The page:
Obesity Surgery for Metabolic Diseases -Updated German Guideline
Germany: A multidisciplinary panel of experts has developed an updated guideline on obesity surgery for the treatment of metabolic diseases. The guideline, published in the journal Deutsches Arzteblatt International, was created on the basis of publications retrieved by a systematic literature search.
The newly formulated objective of obesity surgery and metabolic procedures is to bring about a sustained loss of weight and, through the beneficial effects of weight loss, to achieve the following:
- Longer survival
- Better quality of life
- Remission, improvement, and/or prevention of the comorbidities and sequelae of obesity
- Continued participation in work and in social and cultural activities.
The goals of treatment should always be individually defined and adapted to any changes that take place.
Definition of Centers
Centers were defined in accordance with the certification rules of the DGAV and the Swiss guideline on the surgical treatment of obesity.
There was a strong consensus among the experts that the following types of patients should undergo surgery only in a center with special expertise, and that the specified techniques should only be performed in such centers (however, this is not evidence-based):
- Patients under age 18, or aged 65 and above
- Distal bypass operations, conversion operations, and redo operations
- Patients with BMI ≥ 60 kg/m²
- Patients at elevated risk with severe comorbidities (American Society of Anesthesiologists [ASA] score >3)
- Procedures that are primarily for the treatment of metabolic disease (in patients with BMI <40 kg/m², in collaboration with a physician who is an expert in the treatment of diabetes/a diabetologist).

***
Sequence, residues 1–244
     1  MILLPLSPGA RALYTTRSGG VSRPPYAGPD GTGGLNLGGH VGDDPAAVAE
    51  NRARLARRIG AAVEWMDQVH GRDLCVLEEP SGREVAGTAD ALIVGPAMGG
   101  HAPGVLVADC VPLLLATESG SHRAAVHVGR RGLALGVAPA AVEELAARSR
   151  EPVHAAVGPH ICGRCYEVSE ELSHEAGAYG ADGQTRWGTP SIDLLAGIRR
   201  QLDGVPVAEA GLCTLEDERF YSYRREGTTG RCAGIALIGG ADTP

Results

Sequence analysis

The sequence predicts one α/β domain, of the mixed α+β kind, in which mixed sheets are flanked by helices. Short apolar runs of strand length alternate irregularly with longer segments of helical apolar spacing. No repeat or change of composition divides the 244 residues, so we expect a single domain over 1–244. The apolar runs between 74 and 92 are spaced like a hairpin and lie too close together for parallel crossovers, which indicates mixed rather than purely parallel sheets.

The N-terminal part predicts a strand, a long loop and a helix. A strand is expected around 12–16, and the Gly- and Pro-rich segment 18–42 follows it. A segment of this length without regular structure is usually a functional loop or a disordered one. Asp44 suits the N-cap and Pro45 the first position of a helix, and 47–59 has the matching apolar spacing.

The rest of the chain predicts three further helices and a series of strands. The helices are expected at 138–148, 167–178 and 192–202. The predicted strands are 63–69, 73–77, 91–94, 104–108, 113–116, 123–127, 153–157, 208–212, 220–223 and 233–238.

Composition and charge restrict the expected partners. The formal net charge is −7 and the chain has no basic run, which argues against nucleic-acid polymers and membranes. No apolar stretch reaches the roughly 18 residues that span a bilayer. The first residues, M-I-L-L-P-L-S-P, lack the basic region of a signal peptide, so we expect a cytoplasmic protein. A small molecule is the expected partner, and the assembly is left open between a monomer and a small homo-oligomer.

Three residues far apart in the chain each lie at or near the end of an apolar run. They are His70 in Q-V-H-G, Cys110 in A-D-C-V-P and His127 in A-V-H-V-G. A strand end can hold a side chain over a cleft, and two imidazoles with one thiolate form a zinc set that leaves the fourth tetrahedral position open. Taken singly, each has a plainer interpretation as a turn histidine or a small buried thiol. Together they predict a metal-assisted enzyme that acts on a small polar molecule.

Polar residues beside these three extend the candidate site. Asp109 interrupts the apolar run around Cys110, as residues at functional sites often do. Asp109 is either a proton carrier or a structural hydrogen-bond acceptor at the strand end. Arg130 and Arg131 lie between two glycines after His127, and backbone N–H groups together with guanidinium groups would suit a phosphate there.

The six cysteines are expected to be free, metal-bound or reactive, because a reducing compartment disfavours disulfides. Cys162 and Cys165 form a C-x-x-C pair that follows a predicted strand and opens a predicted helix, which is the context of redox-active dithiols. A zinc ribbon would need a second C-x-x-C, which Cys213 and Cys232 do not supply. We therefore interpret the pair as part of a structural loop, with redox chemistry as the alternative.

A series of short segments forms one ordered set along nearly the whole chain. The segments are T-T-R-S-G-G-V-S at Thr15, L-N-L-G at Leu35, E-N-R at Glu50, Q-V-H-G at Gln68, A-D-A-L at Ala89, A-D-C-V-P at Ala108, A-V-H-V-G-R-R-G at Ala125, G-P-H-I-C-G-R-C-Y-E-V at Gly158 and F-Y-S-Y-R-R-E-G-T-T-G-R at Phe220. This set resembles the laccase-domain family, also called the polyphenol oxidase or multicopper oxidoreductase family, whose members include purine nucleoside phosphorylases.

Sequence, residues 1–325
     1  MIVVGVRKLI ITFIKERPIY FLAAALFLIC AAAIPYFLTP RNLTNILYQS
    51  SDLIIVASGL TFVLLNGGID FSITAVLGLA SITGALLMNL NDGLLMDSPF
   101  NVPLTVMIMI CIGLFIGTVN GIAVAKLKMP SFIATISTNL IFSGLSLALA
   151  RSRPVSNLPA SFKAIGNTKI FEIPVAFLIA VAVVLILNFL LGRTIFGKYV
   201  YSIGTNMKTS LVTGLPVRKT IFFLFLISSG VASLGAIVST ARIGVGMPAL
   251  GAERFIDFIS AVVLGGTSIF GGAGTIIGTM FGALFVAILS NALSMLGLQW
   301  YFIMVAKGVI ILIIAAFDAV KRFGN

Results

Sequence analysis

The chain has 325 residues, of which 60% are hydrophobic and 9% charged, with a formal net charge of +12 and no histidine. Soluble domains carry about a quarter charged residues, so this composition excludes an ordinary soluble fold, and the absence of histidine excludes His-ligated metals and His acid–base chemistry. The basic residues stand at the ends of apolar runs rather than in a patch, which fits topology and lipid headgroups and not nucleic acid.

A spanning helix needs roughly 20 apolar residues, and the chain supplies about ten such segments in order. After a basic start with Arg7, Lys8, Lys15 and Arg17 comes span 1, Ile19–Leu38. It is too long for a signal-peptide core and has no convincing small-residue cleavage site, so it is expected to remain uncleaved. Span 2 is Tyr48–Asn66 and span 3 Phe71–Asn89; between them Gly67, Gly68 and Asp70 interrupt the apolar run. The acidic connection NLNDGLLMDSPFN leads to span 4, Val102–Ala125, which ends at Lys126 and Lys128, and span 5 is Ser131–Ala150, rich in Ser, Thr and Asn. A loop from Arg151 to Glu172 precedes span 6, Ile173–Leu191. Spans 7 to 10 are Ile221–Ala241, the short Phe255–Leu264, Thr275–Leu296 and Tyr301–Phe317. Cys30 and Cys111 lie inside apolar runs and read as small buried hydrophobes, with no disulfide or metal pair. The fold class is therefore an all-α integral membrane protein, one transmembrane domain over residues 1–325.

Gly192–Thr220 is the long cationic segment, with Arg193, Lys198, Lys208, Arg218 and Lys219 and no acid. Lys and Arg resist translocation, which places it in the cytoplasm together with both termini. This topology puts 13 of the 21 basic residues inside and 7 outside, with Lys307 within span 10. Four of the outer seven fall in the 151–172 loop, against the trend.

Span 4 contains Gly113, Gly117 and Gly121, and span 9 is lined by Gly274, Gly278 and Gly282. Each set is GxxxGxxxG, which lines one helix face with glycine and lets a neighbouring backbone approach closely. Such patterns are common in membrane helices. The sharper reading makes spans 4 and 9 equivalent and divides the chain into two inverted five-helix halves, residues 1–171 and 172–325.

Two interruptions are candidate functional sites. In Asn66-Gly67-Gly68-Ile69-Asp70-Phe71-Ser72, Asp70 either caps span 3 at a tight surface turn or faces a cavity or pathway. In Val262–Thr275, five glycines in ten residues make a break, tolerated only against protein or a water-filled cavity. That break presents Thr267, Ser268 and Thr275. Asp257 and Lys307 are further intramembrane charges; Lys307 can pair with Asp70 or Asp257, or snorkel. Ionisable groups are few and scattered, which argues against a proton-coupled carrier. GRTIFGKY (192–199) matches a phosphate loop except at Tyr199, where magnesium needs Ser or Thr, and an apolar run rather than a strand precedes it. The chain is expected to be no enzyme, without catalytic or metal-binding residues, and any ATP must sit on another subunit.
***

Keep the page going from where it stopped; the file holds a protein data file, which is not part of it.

The treating team that establishes the indication for surgery should consist of the following members:
- A physician who is an expert in the treatment of diabetes/a diabetologist, if surgery for metabolic indications (type 2 diabetes) is to be performed.
- A nutritionist or physician with special expertise in nutrition who has experience in obesity surgery
- A mental health professional with experience in obesity surgery
- An internist/general practitioner/physician with special expertise in nutrition who has competence in the surgical treatment of obesity and metabolic disorders
- A surgeon with competence in the surgical treatment of obesity and metabolic disorders
Obesity surgery is indicated in the following situations:
- In patients with BMI ≥ 40 kg/m2 without any comorbidities or contraindications, when conservative treatment options have been exhausted and after the patient has been thoroughly informed.
- In patients with BMI ≥ 35 kg/m2, after the exhaustion of conservative treatment options, in the presence of one or more obesity-associated comorbidities, such as: type 2 diabetes, coronary heart disease, congestive heart failure, hyperlipidemia, arterial hypertension, nephropathy, obstructive sleep apnea syndrome (OSAS), obesity-hypoventilation syndrome, Pickwick syndrome, non-alcoholic fatty liver disease (NAFLD) or non-alcoholic steatohepatitis (NASH), pseudotumor cerebri, gastro-esophageal reflux disease (GERD), asthma, chronic venous insufficiency, urinary incontinence, immobilizing joint disease, impaired fertility, or polycystic ovarian syndrome.
- A primary indication for obesity surgery (i.e., without any requirement for prior exhaustion of conservative treatment modalities) exists if one of the following conditions is present:
- BMI ≥ 50 kg/m2,